Continuing through February 28, 2015
The swirling linear patterns made by Clement Greenberg’s infamous grinding and polishing of several of David Smith’s stainless-steel sculptures after the artist’s death may have been illegal and unethical, but they were quite beautiful, as are the polished aluminum paintings of Andreas Nottebohm, here a product of the artist’s own hand. Flat panels are mounted to honeycomb aluminum backings that defy painting’s usual limitations of flatness and stillness.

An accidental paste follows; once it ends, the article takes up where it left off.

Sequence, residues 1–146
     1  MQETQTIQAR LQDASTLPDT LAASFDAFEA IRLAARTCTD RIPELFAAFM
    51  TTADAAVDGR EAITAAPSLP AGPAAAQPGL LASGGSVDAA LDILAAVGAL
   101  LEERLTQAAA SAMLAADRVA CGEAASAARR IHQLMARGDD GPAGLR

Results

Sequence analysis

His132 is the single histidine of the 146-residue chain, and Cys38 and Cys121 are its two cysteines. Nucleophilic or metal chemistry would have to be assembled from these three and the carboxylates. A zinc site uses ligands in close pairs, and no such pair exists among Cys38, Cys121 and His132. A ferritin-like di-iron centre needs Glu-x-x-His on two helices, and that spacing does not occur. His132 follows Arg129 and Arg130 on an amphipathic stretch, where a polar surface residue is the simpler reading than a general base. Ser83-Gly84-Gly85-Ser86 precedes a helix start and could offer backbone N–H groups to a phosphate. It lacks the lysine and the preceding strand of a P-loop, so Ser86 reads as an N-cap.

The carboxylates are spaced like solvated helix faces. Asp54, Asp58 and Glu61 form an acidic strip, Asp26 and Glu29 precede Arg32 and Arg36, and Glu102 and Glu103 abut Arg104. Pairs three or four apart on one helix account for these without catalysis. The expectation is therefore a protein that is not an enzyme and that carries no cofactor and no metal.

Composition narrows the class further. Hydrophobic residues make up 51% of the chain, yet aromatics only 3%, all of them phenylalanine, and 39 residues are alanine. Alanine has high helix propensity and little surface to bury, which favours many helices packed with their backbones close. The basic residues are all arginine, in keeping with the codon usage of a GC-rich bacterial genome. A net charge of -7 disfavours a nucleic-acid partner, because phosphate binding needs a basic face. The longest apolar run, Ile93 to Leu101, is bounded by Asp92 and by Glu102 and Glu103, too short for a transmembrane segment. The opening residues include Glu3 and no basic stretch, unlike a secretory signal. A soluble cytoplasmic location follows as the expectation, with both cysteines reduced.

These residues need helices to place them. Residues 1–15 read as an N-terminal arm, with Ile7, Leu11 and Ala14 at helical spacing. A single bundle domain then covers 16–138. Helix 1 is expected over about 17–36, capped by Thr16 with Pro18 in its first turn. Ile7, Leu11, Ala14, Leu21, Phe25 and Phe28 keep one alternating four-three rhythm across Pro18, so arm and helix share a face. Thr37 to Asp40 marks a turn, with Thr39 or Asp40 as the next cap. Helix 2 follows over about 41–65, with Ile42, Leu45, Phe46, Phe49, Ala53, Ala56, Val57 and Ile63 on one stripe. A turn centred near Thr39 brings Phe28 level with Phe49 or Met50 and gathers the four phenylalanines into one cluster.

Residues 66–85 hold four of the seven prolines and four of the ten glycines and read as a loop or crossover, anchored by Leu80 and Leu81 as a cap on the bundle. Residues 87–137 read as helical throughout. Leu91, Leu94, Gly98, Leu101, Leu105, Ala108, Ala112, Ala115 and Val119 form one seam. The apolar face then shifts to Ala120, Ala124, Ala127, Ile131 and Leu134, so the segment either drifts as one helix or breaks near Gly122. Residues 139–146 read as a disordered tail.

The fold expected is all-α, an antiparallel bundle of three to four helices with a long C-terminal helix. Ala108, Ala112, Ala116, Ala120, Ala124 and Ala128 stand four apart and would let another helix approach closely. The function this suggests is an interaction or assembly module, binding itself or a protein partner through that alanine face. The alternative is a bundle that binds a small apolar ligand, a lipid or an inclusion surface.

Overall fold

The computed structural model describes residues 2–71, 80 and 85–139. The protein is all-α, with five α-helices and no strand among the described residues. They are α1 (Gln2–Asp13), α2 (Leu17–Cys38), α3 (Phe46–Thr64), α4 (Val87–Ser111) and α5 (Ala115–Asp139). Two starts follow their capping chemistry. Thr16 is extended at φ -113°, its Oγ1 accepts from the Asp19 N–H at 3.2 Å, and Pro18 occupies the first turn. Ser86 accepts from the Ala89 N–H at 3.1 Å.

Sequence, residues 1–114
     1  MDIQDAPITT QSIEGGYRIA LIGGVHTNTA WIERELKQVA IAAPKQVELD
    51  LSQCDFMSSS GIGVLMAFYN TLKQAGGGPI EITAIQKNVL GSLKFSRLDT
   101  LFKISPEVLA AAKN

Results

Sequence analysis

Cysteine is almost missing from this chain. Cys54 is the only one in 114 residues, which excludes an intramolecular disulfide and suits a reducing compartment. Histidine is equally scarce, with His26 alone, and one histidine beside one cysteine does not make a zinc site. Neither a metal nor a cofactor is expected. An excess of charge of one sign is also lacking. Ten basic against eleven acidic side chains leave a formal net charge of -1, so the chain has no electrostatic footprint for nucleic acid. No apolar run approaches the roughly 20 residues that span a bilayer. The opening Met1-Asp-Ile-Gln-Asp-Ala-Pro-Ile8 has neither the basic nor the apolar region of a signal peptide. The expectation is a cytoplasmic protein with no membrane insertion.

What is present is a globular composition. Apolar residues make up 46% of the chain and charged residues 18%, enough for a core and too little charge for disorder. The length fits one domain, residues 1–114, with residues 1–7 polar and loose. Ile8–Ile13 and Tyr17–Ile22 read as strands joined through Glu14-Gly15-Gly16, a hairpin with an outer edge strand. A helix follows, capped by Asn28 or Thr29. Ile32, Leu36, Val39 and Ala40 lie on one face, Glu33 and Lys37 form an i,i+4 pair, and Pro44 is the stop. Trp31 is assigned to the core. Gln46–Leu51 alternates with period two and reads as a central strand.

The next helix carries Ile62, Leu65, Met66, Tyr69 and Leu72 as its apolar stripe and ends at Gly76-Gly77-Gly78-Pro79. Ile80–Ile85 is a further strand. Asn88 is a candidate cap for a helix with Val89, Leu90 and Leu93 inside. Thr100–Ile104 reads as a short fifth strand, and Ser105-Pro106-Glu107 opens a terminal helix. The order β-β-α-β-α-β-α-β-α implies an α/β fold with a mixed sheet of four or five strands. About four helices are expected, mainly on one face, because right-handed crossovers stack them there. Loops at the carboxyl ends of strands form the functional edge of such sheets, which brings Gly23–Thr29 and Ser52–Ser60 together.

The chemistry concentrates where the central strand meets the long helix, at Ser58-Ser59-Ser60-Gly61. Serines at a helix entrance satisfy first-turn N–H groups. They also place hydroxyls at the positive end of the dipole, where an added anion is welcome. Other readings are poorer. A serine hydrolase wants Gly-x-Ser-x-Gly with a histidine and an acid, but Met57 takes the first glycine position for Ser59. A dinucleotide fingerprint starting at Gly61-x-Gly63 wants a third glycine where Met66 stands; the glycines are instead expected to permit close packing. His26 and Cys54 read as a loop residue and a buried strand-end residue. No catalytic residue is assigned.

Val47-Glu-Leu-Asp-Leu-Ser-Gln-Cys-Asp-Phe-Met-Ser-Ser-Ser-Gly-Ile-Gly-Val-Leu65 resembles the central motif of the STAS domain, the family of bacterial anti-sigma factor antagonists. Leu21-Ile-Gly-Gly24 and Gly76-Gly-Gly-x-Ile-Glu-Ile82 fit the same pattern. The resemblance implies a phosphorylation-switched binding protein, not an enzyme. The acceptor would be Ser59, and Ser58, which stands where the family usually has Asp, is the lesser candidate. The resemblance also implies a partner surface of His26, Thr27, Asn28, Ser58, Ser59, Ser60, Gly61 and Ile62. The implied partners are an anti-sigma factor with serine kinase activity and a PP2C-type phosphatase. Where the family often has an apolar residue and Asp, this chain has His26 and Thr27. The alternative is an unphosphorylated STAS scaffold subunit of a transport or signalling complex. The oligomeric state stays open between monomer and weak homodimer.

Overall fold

Inspired years ago to experiment with discarded aluminum printing plates from his printing job in Munich, the artist has refined his rotary-sander technique over four decades to create calligraphic works on metal that possess dazzling depth and movement. As you move, so do the curvilinear ripple patterns. Layers of hologram-like depth testify to the artist’s interest in astrophysics and fractals, and make these “windows on the universe” infinitely variable. Accompanying the fifteen untitled (i.e., numbered) recent abstracts, which suggest natural phenomena as well as mystical experience, impressively without being specific, are early virtuosic airbrushed gouache paintings influenced by surrealist painting and the metaphysical aims of early modernist abstraction.